Alexandra Times at KellyGang 26/4/1872

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As the nearest and best road to the great North-Eastern Railway is a matter of the greatest importance to the inhabitants of the Goulburn Valley, we made a personal inspection last week, and now give the result of our observations. The road from Alexandra to Yea has been so often travailed by everybody in this part of the world, that nothing used be paid about this part of the journey beyond that which has been repeatedly said before that there is much room for improvement, especially near the approaches to Sloan's punt, and some parts about Cathkin. When these improvements have been made, no ride or drive through any gentleman's park could be surrounded with more pleasing prospects or charming variety. The Josephine Hill and Cottons Pinch afford fine opportunities for feasting the eyes on thousands of hills, on which sheep, cattle, and horses luxuriate and fatten, whilst the winding course of the Goulburn can be traced for miles, and the smoke seen rising from the chimneys of the 42nd Clause men, who have erected homes for themselves and their families where formerly no thing was seen but sheep and kangaroos.

This journey from Alexandra to Yea can be accomplished on horse back in three hours comfortably; but for the traveller on foot Yea will be the half way house, and those who do not care about riding or driving at a greater pace than four miles per hour, will make the first day's journey at this comfortable little quiet grazing, agricultural, and mining township, which, by the way, was a township before most of our pretentious centres of population were ever dreamt of. There will be found abundant accommodation for man and beast of the very best quality.

After passing along the old Broadford road eight miles, about half a mile beyond Hamilton's white gate the Tallarook road turns off sharp to the right. This is the proposed new road which the Yea Road Board has been doing battle for some time past. Four miles further on King Parrot Creek crosses the path. Over this there is a fine bridge being erect by the Yea Road Board, at a cost of about £1300. The Broadford Road Board, it is said, intend to cut the bridge down after it is erected. They will not allow the road to be made on two miles of their territory which lies immediately beyond the bridge. This, however, is only talk, and cutting down bridges may be a more expensive matter than erecting them. However, there is no getting rid of the fact, that this portion of the Broadford territory is a difficulty that must be got over before the road can be put in good working order, as there are some sidelings to be cut.

A few miles further on the road lies principally along the banks of the Goulburn, and presents many water scenes which are not to be surpassed in Victoria, by the water channels, lagoons, and breaks along the banks of the river, arouse the suspicion that when the Goulburn waters become fretted with winter rains, that the proposed Tallarook road will be rather difficult to find at several places without the use of a boat and sounding line. However, those who have advocated the road are confident that it will be available for traffic all the year round. This is a question that may be left to time to develop, as there are few who have travelled the road during winter. At present no one could wish for a better road, and any person can drive along in a buggy even now at the rate of eight miles air hour.The distance from Yea to Tallarook is said to be 25 miles, but our informant puts it down at 27. As, however, a. road always appears longer the first time one travels over it, especially alone; this may account for the difference in the estimate of the distance.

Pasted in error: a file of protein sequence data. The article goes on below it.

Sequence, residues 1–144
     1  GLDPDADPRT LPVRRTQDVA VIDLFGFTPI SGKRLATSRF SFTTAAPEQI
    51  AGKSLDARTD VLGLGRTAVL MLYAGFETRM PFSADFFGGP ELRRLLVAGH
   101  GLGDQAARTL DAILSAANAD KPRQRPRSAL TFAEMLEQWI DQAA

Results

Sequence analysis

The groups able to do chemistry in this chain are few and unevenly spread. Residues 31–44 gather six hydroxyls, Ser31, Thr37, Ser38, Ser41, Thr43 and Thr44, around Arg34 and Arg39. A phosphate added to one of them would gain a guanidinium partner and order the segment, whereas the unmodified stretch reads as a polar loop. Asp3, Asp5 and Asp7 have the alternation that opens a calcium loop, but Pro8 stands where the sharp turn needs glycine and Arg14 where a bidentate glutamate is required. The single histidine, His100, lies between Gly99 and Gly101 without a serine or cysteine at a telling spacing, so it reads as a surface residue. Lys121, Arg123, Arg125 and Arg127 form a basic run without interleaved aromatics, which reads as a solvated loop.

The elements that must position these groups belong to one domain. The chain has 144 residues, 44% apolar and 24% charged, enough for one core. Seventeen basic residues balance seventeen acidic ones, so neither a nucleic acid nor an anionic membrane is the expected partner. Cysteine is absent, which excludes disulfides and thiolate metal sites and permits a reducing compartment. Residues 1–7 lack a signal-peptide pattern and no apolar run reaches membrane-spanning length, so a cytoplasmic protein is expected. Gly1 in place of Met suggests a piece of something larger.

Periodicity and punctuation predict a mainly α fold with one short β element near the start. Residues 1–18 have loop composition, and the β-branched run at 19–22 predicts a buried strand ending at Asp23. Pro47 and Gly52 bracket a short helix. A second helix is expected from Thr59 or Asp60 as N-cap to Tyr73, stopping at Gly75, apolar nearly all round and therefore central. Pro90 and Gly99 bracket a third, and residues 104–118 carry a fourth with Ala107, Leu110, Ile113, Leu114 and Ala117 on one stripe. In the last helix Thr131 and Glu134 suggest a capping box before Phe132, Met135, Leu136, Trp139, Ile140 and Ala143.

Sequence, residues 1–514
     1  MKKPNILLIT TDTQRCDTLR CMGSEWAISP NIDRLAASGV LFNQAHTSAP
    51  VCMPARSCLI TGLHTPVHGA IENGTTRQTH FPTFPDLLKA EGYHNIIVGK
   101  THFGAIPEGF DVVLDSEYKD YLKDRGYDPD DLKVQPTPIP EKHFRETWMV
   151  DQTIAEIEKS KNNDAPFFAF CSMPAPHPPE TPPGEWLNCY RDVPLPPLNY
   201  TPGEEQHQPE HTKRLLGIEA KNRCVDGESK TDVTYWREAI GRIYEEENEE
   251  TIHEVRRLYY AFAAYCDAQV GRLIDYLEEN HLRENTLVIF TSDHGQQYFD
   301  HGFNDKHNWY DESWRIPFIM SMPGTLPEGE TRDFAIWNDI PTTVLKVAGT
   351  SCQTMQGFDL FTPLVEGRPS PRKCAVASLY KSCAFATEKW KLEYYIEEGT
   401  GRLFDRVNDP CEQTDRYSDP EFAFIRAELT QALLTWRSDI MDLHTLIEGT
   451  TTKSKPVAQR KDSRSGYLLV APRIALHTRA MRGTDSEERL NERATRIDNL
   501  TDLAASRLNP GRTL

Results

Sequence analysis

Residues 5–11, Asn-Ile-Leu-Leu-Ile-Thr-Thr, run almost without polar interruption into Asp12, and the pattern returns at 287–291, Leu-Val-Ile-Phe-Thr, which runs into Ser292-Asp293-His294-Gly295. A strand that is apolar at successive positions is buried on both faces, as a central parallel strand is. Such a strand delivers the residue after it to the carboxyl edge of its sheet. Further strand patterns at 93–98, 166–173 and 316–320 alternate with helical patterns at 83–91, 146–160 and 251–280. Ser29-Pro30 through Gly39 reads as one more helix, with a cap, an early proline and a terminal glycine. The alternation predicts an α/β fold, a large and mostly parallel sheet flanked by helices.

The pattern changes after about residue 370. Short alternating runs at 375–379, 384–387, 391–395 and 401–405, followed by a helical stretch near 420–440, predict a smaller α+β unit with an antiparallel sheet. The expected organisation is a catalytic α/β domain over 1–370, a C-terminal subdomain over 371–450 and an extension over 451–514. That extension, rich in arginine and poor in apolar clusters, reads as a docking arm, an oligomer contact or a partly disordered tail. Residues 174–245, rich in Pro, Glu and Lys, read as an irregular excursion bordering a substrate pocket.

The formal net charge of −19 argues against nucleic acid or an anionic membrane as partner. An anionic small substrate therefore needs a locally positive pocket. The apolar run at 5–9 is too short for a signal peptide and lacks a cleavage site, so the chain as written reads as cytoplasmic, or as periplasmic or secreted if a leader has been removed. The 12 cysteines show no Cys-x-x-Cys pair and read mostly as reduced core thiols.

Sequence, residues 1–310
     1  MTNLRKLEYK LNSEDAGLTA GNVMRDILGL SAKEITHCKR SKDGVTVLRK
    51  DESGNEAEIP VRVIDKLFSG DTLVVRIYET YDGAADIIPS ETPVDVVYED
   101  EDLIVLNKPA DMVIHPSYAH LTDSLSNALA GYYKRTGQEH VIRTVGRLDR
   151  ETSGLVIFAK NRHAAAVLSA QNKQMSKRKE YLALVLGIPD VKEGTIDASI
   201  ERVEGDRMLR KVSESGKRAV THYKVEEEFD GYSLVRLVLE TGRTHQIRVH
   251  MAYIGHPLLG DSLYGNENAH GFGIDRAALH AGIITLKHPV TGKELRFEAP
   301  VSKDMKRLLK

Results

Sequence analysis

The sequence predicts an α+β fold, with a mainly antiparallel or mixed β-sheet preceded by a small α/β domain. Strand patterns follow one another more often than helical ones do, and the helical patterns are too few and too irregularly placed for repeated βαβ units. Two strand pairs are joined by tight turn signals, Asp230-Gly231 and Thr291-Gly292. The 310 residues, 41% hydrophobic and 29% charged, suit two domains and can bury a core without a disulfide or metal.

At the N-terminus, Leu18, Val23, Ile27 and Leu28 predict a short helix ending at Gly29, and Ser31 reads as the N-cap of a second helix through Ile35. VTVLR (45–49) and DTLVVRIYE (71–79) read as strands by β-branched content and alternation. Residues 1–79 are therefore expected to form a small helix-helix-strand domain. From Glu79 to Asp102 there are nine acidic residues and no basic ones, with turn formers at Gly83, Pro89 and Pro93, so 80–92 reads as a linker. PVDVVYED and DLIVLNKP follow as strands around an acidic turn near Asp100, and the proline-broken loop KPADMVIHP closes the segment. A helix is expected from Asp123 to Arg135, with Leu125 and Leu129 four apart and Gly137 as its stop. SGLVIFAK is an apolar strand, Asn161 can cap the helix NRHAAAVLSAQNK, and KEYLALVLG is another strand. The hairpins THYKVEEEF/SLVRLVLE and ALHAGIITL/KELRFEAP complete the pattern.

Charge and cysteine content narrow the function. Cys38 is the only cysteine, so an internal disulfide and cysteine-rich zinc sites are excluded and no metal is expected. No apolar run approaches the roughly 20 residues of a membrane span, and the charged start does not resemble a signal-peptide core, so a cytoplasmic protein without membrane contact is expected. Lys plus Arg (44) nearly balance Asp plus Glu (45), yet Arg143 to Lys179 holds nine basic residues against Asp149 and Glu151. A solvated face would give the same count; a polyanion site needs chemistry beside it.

Tallarook is by no means a busy or interesting place. It consists of two hotels, two stores, two blacksmiths' forges, a police station, and a number of tumble-down, miserable looking huts of slabs and bark The inhabitants generally are a very slow class of individuals of the older times, who allow events to come and go without any interference on their part. The Railway Hotel is a substantial, good brick building, and should the traffic of the Goulburn flow towards Tallarook will be a valuable property, as it is situated nearly opposite the proposed station. The proprietor, in the mean time, intends to run a conveyance from his house to Schoolhouse Line, to meet the up and down trains. With the exception of the proprietor of this hotel, the Tallarookites seem not to know or care much about the traffic of the Upper Goulburn, and should it ultimately bring a flood of prosperity upon them, they will have no occasion to congratulate themselves on their own efforts in the matter. The Yea Board have selected the road, and are determined to carry it through, independently of the indifference of the inhabitants of Tallarook, all of whom will be greatly benefitted by it.


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